An individual is that which exists as a distinct entity. Individuality (or self-hood) is the state or quality of being an individual; particularly (in the case of humans) of being a person unique from other people and possessing one's own needs or goals, rights and responsibilities.

Singleadjective

One only, as distinguished from more than one; consisting of one alone; individual; separate; as, a single star.

‘No single man is born with a right of controlling the opinions of all the rest.’;

Singleadjective

Alone; having no companion.

‘Who single hast maintained,Against revolted multitudes, the causeOf truth.’;

Singleadjective

Hence, unmarried; as, a single man or woman.

‘Grows, lives, and dies in single blessedness.’; ‘Single chose to live, and shunned to wed.’;

Singleadjective

Not doubled, twisted together, or combined with others; as, a single thread; a single strand of a rope.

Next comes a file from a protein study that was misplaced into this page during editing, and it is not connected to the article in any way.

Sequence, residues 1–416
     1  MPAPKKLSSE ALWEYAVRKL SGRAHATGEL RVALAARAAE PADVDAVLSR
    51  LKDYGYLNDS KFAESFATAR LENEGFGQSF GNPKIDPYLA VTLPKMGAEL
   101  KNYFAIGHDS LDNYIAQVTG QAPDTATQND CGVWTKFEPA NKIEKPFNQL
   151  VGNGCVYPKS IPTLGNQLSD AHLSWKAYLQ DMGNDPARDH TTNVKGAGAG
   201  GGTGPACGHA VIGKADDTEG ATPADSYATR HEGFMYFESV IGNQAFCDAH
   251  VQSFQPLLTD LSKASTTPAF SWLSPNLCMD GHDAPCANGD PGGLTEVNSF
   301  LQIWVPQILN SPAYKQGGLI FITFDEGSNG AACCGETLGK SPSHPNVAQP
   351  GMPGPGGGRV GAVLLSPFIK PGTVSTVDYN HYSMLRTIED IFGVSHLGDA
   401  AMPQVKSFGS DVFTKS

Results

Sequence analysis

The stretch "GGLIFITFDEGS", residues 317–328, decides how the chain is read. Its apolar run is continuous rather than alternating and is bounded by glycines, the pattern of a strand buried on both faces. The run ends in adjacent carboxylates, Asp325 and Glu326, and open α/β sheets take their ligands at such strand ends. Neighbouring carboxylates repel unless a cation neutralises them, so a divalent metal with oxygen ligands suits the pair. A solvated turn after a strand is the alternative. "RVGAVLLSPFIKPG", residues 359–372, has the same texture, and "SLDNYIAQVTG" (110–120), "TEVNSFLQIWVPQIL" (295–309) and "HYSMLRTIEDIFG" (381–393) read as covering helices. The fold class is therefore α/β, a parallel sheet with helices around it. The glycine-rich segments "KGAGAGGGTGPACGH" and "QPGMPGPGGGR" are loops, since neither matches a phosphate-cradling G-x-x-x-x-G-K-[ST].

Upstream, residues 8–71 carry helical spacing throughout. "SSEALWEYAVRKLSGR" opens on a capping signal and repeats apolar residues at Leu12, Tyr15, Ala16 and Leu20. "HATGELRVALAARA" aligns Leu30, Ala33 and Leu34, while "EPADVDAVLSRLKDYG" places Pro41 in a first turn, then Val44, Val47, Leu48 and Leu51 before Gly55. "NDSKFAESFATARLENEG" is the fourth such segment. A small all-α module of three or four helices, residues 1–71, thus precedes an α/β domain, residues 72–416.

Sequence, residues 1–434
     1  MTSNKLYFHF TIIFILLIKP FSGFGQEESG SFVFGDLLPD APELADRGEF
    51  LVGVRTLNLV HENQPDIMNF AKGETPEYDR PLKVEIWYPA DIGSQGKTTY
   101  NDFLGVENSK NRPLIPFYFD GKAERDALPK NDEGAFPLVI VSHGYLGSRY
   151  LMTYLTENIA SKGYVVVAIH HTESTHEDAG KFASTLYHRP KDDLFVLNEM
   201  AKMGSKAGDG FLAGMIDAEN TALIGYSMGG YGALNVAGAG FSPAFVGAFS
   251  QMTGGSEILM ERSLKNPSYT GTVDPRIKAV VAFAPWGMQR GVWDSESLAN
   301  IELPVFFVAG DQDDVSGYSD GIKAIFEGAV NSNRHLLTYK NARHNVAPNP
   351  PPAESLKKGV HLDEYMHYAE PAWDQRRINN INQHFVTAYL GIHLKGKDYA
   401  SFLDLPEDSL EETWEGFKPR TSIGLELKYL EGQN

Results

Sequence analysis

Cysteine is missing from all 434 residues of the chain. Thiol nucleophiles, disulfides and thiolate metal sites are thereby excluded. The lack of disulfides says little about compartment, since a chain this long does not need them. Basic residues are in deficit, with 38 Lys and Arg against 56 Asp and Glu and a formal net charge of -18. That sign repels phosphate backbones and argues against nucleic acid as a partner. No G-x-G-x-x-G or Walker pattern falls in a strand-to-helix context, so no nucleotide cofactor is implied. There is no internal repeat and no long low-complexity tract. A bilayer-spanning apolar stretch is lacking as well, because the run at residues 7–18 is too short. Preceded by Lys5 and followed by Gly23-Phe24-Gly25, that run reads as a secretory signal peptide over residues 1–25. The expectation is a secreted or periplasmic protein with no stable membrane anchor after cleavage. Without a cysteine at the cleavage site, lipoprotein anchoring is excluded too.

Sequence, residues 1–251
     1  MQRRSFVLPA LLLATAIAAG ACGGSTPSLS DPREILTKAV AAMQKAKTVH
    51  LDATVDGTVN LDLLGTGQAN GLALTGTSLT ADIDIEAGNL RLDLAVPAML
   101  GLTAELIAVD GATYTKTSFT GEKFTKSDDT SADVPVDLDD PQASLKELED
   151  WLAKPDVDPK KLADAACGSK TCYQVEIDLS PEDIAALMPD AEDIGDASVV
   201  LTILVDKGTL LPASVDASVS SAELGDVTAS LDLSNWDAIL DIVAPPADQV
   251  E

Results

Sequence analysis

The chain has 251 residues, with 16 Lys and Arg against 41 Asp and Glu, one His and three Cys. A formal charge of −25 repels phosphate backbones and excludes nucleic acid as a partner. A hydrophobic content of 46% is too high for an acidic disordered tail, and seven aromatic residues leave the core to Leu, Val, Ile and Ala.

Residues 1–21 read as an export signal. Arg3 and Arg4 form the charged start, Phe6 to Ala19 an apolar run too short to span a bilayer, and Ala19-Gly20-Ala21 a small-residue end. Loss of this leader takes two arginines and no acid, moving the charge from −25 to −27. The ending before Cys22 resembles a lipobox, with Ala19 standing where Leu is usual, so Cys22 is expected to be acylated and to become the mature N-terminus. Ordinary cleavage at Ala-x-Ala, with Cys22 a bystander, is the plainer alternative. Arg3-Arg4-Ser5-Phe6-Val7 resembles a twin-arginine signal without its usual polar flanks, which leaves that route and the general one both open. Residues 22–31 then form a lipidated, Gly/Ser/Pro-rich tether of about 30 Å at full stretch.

Singleadjective

Performed by one person, or one on each side; as, a single combat.

‘These shifts refuted, answer thy appellant, . . . Who now defles thee thrice ti single fight.’;

Singleadjective

Uncompounded; pure; unmixed.

‘Simple ideas are opposed to complex, and single to compound.’;

Singleadjective

Not deceitful or artful; honest; sincere.

‘I speak it with a single heart.’;

Singleadjective

Simple; not wise; weak; silly.

‘He utters such single matter in so infantly a voice.’;

Singleverb

To select, as an individual person or thing, from among a number; to choose out from others; to separate.

‘Dogs who hereby can single out their master in the dark.’; ‘His blood! she faintly screamed her mindStill singling one from all mankind.’;